Throughout Lent, we looked through the cross, like we look through a stained glass window.  Looking from different angles, seeing how the light falls.  The beautiful shades.  The haunting light of the cross.

     
Like this angle:

By Soniakapadia - Own work, CC BY-SA 4.0, https://commons.wikimedia.org/w/index.php?curid=68491562

The legacy of racial terror lynchings in the United States, memorialized in these steel monuments at the National Memorial for Peace and Justice .  Theologian James Cone writes: “Until we can see the cross and the lynching tree together…there can be no genuine understanding of Christian identity in America.” (The Cross and the Lynching Tree, p. xv)  
Or this:

"The Fence: A Tribute to Matthew Shepard" by Mark W. Malone. markm947@swbell.net. http://www.mwmalonefineart.com/ Used by permission.

An artists rendition of the fence on which Matthew Shepherd, a gay college student from Wyoming, was found before he died from the injuries inflicted on him.  We considered that there is nothing redemptive about suffering itself.  As Mark wrote in his meditation: “When Jesus tells his followers to "deny themselves and take up their cross and follow me" it is not a call to passively suffer but an invitation to accept the system-shaking consequences of living life to the fullest.”

The cross is perhaps most frequently thought of these days as an instrument of atonement – how humanity can be reconciled to God.

Benjamin Moore, FRSA, artbelow.org.uk. Used by permission.

It’s a conversation that can very quickly set God up as someone in need of a violent sacrifice in order to forgive, rather than the cross highlighting humanity’s need to maintain our fragile unity by scapegoating outsiders and projecting all our violence onto them.  We are saved, not from a God who is angry at us, but from ourselves, if we only have the eyes to see.  We are saved into a peaceable, reconciling community of all creatures where there is no longer any need for crosses.
A community where even the most violent offenders are recognized as God’s children.

Artist: Robert Van Hook. Used by permission of Allen Bohnert.

This painting of the cross was made by Robert Van Hook, a man befriended by a member of our congregation, Allen Bohnert, and executed by the state of Ohio.  Collectively, we still seem to believe that crosses are where some people belong.  And that we are better off having put them there.
Perhaps we aren’t personally putting people on crosses, but we are witnesses to it all.

Photo: Joel Miller

We are witnesses to so much.  Like the women with Jesus at the cross we are witnesses to horror and our own grief.  Like the stones, we are witnesses to ancient patterns and causes for shouting Hosanna and Hallelujah: Beauty, wonder, awe, constancy and change.  Every once in while we even get to witness the sun rising out of a foggy lake not far from home.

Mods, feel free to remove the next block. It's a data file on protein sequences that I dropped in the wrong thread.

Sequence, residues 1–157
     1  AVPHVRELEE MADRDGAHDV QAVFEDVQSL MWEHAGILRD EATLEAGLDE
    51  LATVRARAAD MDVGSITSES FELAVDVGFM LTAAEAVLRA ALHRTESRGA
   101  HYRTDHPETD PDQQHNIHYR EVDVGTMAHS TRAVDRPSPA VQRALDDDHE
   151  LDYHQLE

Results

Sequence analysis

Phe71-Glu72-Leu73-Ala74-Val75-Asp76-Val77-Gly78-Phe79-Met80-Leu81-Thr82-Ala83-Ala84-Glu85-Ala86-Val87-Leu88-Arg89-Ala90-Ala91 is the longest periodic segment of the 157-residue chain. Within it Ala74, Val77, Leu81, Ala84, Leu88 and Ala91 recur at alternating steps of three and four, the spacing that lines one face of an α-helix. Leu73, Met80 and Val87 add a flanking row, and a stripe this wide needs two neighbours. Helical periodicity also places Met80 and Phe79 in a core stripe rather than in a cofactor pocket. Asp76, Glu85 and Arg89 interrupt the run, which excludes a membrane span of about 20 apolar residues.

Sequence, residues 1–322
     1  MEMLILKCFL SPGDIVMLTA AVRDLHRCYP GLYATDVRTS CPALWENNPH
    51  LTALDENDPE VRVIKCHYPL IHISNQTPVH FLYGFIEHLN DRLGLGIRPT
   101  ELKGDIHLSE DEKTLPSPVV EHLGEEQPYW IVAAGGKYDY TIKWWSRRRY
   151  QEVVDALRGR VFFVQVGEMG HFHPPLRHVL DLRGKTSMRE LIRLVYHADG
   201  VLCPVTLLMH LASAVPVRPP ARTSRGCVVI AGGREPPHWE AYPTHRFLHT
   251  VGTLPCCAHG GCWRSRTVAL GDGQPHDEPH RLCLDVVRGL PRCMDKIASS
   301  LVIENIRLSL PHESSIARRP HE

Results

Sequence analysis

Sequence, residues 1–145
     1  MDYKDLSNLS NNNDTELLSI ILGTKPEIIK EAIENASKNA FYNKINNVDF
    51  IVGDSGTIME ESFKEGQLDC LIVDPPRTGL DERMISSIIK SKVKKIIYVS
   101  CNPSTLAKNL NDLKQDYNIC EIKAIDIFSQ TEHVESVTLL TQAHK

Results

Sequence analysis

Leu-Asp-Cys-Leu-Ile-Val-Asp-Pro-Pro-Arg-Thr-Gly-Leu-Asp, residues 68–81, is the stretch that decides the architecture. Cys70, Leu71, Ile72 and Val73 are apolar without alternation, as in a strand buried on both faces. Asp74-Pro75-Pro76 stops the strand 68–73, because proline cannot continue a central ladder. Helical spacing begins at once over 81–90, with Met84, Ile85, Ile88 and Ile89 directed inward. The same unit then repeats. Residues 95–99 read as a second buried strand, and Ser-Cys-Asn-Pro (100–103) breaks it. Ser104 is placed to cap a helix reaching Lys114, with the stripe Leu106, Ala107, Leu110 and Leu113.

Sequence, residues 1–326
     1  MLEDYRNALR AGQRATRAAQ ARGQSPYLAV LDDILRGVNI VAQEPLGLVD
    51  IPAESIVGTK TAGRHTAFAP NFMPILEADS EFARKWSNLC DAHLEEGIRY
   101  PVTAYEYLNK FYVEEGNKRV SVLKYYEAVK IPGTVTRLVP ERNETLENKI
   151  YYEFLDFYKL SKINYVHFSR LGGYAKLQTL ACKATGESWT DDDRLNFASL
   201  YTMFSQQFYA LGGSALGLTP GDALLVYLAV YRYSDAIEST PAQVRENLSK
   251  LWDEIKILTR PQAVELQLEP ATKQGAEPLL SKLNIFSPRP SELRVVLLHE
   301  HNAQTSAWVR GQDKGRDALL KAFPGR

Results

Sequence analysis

All this has brought us here.  We have journeyed through Lent.  And what a Lent-for-the-ages it has been.  We have given up church for Lent, in-person-church.  And we have given up many other things that used to be a part of normal life.  But we have not given up the deeper meaning of being part of the body of Christ.  That body which suffered so much, and which, on Easter morning, this very morning we are celebrating, was raised to new life.
Christ is risen.  Christ is risen indeed.

And so, consider with me now, this new image. 

"Emmaus" by Emmanuel Garibay. Used by permission.

The first thing you need to know about this image is that it’s called “Emmaus.”  Emmaus, as in the Road to Emmaus, a resurrection story in Luke’s gospel that goes like this:  After Jesus was crucified in Jerusalem two of his followers returned from that city to the town of Emmaus.  With Jesus gone, the Passover feast ended, there was nothing left for them in Jerusalem.  They were, understandably, devastated.  Along the way they’re joined by a stranger, someone they do not recognize, who walks with them, talking to them, asking them questions about their sorrow.  This hymn in Sing the Story speaks from the perspective of the two travelers:

Sing the Story 98 | On the journey to Emmaus | v. 2 | Alyssa Graber and Austin McCabe Juhnke
And our hearts burned within us as we talked on the way, how all that was promised was our on that day.  So we begged him, “Stay with us and grant us your word.”  We welcomed the stranger and we welcomed the Lord.

They arrive in Emmaus, and the two insist this unknown traveler lodge with them, an extension of hospitality.